Westpac’s market-moving chief economist has tapped residential property as the best asset class for today’s trying times.
Thanks to central banks globally sending interest rates to zero and workers getting stuck at home, residential property is getting doubly boosted, Evans (pictured) said.
Low interest rates make it easier for home buyers to take our mortgages – which increases demand for property.
Meanwhile, stuck-at-home workers are more likely to make home improvements, which directly raise the value of properties.
Speaking at ETF Stream's ETFs Down Under 2020 event, he said: “If we are looking at this long period of extraordinarily low interest rates I want to be in physical assets, especially property. And in particular residential property.
“What is happening is that central banks, who used to get nervous about asset bubbles, are saying that this isn’t the time to lean against asset bubbles – it is the time to protect jobs.
“The risk that we used to have with asset prices is that prices would take off and then central banks would take fright and start leaning against them either by raising rates, or restricting credit or introducing financial regulation.
“But I think for the next few years central banks will be focused on restoring labour markets and jobs and they’ll be prepared to be a lot more patient with asset markets. With incredibly low interest rates, banks incredibly keen to lend my view is that residential property is the market to be in.”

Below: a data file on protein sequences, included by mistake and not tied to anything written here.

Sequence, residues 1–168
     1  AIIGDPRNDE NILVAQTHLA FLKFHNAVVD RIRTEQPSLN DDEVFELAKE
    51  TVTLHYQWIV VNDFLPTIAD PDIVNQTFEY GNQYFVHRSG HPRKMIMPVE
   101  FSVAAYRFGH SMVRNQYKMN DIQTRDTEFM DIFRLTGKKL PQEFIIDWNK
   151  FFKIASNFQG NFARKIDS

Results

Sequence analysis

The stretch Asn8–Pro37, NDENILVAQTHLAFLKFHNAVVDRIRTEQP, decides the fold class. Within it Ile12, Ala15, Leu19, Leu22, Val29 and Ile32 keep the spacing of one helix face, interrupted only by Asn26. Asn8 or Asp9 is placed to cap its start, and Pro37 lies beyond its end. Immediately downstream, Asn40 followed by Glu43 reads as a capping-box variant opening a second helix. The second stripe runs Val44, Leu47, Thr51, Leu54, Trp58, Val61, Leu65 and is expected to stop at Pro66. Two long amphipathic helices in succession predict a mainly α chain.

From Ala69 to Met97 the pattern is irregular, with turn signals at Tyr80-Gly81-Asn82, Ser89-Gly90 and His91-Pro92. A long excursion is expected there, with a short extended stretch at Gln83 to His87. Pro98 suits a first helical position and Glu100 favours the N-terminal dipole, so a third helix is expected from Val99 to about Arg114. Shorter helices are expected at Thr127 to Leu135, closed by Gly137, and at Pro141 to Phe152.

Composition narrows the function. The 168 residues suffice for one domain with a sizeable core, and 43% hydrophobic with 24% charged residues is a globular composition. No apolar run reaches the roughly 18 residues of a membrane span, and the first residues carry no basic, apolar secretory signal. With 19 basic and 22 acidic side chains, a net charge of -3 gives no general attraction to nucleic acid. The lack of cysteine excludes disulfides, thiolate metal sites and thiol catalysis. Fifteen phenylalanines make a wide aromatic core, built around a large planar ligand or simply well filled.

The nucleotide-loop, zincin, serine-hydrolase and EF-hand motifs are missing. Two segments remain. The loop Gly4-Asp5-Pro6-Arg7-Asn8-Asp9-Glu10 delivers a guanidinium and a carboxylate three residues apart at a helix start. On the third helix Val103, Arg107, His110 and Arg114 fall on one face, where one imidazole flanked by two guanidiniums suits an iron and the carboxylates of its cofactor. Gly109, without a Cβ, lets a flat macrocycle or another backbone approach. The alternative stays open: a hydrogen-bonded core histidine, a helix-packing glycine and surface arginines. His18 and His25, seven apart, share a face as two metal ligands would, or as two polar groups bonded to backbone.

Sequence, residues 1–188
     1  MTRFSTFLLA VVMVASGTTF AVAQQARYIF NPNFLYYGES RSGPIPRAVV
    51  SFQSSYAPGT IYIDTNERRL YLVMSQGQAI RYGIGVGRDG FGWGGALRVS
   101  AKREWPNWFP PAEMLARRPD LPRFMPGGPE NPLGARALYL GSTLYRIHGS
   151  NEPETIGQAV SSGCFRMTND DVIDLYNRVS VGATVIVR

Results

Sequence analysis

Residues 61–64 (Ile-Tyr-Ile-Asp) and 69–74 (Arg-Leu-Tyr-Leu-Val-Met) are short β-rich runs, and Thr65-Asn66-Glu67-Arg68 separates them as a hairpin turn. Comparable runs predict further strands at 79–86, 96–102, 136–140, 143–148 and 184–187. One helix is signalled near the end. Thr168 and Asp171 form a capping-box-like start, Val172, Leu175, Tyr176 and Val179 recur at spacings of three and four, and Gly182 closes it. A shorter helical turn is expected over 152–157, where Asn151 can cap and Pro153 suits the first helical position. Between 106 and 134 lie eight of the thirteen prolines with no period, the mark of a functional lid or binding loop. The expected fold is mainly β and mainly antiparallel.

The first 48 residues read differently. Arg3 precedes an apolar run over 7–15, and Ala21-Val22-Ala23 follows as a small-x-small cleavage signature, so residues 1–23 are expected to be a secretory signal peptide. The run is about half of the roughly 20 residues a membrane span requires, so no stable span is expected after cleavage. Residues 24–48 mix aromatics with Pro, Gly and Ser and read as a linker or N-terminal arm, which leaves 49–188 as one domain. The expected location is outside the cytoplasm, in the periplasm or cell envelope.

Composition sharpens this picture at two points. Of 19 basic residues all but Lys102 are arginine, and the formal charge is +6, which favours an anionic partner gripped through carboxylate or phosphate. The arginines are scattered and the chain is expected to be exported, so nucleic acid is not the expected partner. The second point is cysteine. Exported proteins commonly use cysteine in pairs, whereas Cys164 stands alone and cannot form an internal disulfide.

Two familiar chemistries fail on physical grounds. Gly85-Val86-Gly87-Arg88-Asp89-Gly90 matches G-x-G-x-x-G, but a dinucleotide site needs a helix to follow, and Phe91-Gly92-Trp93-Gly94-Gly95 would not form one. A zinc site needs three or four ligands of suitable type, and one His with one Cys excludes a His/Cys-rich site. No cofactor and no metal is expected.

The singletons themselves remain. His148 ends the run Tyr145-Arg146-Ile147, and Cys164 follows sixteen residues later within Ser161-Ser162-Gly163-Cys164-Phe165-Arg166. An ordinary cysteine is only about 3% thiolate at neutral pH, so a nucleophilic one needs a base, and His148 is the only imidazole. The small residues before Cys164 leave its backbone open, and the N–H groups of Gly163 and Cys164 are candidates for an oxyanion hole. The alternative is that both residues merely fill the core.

He added that central banks' new groove had added a new dimension to bond trading. Nowadays, it is paramount that bond traders correctly guess which central banks will send interest rates negative first. When interest rates fall, bond prices rise – creating capitals gains for bond owners.
“New Zealand has already said they are going to go negative. Canada and England are flirting with it. Hedge funds around the world are now looking at bond markets where central banks will pull the pin and decide they’re behind inflation target and go negative,” Evans said.
There were dangers lurking when interest rates start going back up again, Evans added. This is because the types of assets that win when interest rates fall – such as fast-growing technology stocks, long maturity bonds and residential property – all tend to suffer when they rise.
But when interest rates rise, a good place to be is gold.
He said: “When we reach the point where central banks lose patience with asset markets, – and I think they’ wil lose patience with asset markets well before they see inflation rising – and they start doing something about it, then I want to go back into something that protects me from a risk explosion. And that would be gold.”